Let’s say you’re a mayor of a small town in Indiana. Let’s say that, through the application process set up by the Indiana Arts Commission, you encourage your town council to establish an arts and culture district in your downtown.
If you succeed, congratulations! Your downtown district will join ten other districts statewide that have already approved by the Indiana Arts Commission including the Nashville Arts and Entertainment District, Tippecanoe Arts and Culture District, and the Columbus Arts District.
Before popping open the champagne, however, town leaders might want to turn their attention to some of the arts-related businesses in a town’s district that might need a monetary boost in order to succeed. One of the bills up for consideration in the current session of the Indiana legislature is Senate Bill 255 could help do just that.
Authored by Sen. Jon Ford, Sen. Ronald Grooms, and Sen. James Buck, SB 255 will allow a town (or city, or county) to establish a base tax in the cultural district development area. It then allows towns to grant money to an arts-related entrepreneur via an incremental sales taxes captured within a cultural district to ultimately benefit cultural and arts-related development within that district.
As Miah Michaelsen, Deputy Director of the Indiana Arts Commission, explains, the requirements to establish an arts and culture district in the first place are elaborate.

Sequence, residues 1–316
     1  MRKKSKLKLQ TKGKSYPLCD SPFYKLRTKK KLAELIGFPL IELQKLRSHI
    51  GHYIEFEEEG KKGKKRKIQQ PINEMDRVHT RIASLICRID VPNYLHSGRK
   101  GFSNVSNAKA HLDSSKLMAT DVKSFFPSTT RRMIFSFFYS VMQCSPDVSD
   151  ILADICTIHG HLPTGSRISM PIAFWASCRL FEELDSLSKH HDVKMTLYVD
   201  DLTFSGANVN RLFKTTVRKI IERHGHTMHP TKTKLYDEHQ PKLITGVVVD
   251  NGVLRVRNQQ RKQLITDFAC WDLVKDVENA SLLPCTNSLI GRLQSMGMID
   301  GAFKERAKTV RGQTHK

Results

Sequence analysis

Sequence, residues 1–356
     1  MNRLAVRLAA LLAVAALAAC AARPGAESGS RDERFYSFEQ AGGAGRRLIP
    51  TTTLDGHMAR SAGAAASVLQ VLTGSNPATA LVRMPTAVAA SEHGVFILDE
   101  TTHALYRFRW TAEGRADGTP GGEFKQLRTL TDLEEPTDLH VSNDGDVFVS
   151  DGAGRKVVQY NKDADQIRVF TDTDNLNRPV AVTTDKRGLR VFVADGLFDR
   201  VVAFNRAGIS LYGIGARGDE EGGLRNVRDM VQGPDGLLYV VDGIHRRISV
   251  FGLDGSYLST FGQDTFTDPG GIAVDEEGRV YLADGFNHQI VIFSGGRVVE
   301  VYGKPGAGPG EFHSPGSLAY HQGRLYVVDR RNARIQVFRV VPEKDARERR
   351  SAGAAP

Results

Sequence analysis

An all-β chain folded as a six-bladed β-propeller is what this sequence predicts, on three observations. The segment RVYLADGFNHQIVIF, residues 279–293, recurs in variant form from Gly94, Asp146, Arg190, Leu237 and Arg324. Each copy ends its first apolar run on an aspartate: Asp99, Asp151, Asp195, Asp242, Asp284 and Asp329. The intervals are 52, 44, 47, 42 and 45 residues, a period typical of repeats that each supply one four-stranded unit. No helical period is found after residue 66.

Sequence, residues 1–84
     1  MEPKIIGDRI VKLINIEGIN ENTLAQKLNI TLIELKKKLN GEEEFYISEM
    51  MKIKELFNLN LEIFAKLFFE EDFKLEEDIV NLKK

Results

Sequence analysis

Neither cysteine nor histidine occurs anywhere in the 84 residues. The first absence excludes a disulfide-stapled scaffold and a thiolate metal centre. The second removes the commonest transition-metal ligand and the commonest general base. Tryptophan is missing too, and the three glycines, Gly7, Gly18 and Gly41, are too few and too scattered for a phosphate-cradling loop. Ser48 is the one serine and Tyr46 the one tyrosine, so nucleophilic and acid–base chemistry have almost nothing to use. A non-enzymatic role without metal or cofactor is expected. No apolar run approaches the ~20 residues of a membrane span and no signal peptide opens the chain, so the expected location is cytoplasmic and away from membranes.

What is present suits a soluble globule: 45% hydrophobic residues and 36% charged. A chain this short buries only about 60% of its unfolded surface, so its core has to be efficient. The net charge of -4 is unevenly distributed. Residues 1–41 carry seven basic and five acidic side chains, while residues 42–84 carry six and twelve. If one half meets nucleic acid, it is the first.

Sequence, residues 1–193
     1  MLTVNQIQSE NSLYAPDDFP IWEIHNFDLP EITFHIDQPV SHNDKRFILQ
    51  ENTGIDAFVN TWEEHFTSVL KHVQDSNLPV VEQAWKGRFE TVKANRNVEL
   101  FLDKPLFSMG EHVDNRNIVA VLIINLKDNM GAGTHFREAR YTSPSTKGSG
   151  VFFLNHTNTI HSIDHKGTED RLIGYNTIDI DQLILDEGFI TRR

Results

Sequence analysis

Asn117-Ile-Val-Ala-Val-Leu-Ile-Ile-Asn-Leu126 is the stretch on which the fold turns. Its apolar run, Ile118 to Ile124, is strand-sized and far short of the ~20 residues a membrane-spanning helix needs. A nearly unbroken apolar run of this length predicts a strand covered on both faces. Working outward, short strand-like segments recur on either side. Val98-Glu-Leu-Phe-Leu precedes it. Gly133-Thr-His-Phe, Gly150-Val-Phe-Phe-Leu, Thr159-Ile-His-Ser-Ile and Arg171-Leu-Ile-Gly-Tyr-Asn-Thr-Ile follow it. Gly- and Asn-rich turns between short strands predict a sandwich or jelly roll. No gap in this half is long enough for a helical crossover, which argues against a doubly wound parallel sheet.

“Just to put it into context,” she says, “[it] requires them to articulate goals for an arts district, articulate ways they’re going to support a cultural district, whether those are unique programs or funding initiatives, festival development [...] identify their key cultural assets, whether they are actual physical assets, or whether those are people or events; and so forth and then the plans to enhance and improve them.”
Michaelsen also emphasized that no new taxes would be created through this legislation, which would also subject cultural districts certified by the Indiana Arts Commision to annual review by the commission and be recertified every four years.
“It would be an incremental sales or local income tax capture, so a base is set,” explains Michaelsen. “What then would grow then above that base would be sent to the Arts Commission.The community could then apply for those funds to apply to specific arts and cultural projects in their cultural districts.”
For example, if the base tax were to be set at $25,000, and the next year revenue grew to $29,000, then the $4,000 increment would go to an Indiana Arts Commission.
Those funds, Michaelsen says, wouldn’t just be available to nonprofit arts organizations. “This type of incremental tax capture and grant program could potentially support growing an entrepreneurship program for for profit businesses that are creative in nature like a music recording business, a record or art supply store, or a for profit comedy club.”
“Those sorts of things could potentially be ways that this sort of tax might help support those investments. They could still invest in festival or startup nonprofit enterprises as well. The Arts Commission doesn’t have a way to support for profit arts and culture creative endeavors, and this tax could help a community do that.”
Ultimately, SB 255 provides economic development tool that arts and cultural development hasn’t had in the past, say supporters of the legislation. “We have TIF districts, we have CRE districts, we have urban enterprise zones,” says Michaelson.
“We have lots of economic development tools but they don’t really work well for the creative sector from a programmatic standpoint, certainly for other types of arts and culture investments.”